For just over half an hour Wednesday morning, the Umble Center was packed for a convocation detailing the 2018 Senegal SST unit.

Goshen College sends groups to Senegal every other summer. This past summer’s Senegal unit was one of the smallest in SST’s history, consisting of only eight students: junior Ethan Lapp, seniors Naomi Peters, Lukas Thompson, Zach Ganger, Spencer Aeschliman, Ben Meyer Reimer and Alex Steiner and 2018 graduate Morgan Yordy.

The unit was led by Tom Meyers, director of international education, and his wife, Julie.

“The group was a delight to work with,” said Meyers. “Small groups can work very well if there are no personality conflicts, and that was our case.”

Meyers has led a total of 10 units to Guadeloupe, Ivory Coast, Egypt and Senegal; however, this summer marked his final unit. In his 16th year as director of international education, Meyers recently announced that he is preparing to retire from Goshen College after this year.

“I will retire on June 30, 2019,” said Meyers. “I am open to many possibilities after GC but have no definite plans at this time.”

The convocation opened with Steiner giving general facts about Senegal, including that it is located on the extreme western tip of the African continent and is a majority Muslim nation.

Steiner also explained that while French is the language spoken in formal and educational settings, as well as the language that Goshen students studied prior to embarking on SST. Wolof was more commonly spoken in everyday and social situations.

From there, Lapp shared details from the study portion of the Senegal SST.

The group spent the first six weeks in Thies, the third largest city in Senegal. Lapp explained that the students all had an approximately 30-minute walk to and from school each day. Classes included both Wolof and French lessons.

Lapp also described some of the field trips the group took during study, including excursions to the port city of Saint-Louis and the holy city of Touba.

One of the goals of SST is to push students beyond their comfort zones and into situations they could not experience at home. Aeschliman and Meyer Reimer used their time in the village of Ndem during service as an example of how SST expanded their understandings of the world.

Meyer Reimer pointed to an experience he had while on service when he went to visit his village’s Marabout, a religious leader of the Baye Fall subset of the Muslim faith.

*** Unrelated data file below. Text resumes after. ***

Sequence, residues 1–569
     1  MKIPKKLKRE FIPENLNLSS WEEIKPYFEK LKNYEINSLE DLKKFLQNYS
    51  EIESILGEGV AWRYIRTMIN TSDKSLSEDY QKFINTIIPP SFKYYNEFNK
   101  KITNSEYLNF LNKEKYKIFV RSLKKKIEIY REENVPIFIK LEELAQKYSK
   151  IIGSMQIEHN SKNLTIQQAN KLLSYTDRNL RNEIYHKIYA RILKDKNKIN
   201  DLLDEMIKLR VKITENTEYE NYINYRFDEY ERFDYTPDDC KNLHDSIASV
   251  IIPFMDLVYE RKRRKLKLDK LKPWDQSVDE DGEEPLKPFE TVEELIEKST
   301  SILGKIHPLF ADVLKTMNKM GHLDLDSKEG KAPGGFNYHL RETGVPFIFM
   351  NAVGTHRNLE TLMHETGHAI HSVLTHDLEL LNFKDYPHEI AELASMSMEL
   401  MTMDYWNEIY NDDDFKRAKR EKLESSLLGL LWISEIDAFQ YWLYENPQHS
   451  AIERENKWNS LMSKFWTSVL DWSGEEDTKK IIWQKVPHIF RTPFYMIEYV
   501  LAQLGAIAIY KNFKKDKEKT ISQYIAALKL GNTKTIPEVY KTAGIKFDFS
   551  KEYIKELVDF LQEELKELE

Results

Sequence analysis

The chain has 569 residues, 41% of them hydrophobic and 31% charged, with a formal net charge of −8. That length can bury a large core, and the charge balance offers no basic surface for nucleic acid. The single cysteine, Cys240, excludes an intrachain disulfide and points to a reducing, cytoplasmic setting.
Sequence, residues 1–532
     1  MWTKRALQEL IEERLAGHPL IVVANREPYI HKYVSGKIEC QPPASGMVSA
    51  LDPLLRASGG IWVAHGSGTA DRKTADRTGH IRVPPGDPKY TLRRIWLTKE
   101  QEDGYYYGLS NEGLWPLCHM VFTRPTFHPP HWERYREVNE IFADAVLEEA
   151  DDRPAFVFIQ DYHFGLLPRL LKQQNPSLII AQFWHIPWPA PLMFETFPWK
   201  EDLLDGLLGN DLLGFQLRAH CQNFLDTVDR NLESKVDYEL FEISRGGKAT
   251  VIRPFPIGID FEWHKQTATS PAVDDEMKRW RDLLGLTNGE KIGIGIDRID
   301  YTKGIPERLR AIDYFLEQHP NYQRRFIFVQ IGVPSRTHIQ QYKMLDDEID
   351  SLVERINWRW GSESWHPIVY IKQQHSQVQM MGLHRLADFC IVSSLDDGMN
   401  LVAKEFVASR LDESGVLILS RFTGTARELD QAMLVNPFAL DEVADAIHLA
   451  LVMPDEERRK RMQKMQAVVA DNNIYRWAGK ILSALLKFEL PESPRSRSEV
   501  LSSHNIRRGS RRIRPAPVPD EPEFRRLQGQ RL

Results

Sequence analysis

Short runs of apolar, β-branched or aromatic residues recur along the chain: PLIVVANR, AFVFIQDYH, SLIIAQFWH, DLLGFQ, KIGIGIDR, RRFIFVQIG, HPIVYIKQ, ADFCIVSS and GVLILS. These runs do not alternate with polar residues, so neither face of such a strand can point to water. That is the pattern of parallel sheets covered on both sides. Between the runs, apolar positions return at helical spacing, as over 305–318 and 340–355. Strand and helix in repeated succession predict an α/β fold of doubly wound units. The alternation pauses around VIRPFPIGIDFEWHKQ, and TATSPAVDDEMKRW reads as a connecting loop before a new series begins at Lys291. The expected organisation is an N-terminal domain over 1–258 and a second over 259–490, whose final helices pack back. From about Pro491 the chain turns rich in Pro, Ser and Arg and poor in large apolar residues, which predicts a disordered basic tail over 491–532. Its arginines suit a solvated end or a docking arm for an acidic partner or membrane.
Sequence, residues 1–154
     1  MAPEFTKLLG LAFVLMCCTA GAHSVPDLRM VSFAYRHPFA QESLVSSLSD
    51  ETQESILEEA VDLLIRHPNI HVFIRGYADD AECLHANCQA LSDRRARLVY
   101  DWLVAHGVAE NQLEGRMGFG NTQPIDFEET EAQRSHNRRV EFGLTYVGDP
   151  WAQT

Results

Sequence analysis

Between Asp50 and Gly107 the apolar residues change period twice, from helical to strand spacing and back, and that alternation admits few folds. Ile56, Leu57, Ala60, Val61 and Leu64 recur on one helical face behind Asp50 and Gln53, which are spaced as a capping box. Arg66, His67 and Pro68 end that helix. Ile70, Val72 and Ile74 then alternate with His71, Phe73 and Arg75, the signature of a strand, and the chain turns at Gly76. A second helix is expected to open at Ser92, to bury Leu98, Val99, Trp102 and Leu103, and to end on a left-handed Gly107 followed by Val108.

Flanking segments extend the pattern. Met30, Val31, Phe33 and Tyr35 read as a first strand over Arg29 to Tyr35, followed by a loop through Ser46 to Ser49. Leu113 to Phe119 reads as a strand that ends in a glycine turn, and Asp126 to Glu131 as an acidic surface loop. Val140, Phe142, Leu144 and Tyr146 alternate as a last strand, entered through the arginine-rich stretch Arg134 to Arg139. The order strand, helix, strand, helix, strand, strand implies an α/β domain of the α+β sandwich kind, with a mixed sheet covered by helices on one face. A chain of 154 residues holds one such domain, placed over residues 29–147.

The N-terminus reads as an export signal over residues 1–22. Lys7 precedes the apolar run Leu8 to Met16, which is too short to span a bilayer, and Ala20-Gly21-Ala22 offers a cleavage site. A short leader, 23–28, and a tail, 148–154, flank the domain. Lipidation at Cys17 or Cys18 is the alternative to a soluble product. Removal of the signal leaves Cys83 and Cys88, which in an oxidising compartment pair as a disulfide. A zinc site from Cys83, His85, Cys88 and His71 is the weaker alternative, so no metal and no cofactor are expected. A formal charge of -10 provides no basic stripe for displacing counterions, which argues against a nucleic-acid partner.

“All the men formed a group and began singing the most intense chant I’ve ever heard,” Meyer Reimer said. “After around an hour of sing-chanting, the men stopped and one-by-one crawled forward to converse with their leader, who inquired about their lives. It was the strangest experience of devotion I’ve ever seen coming from a Mennonite background, but I loved the endless positivity and joy everyone gave off in reuniting with old friends and working for their religion.”

Peters also shared stories from service. She stayed in Gorom and worked in a health clinic alongside Yordy. Peters noted that though she did not live with a host family while on service, she was still able to form strong bonds and community with her co-workers through things such as communal meals.


Adorned in traditional clothing, Thompson spoke on the significance of fashion in Senegal. He explained that the most common piece of traditional clothing is the boubou, a long, tunic-like piece that can be worn by men and women.

The convocation concluded with Steiner discussing the group’s experiences with food

and family while abroad.  He explained some traditional dishes like poulet yassa, a dish featuring rice, caramelized onions and chicken, which his host family had fed him on his birthday.

As was mentioned by numerous speakers, Steiner also said that a sense of hospitality and community was strong in Senegal.

Thompson said, “I had a wonderful experience in Senegal, and it was a very positive thing for me to go experience a small part of Africa firsthand. I think a lot of people have misunderstandings and assumptions about what Africa is and it was really valuable for me to be thrust into a new culture and learn for myself what life looks like for some people in that part of the world.”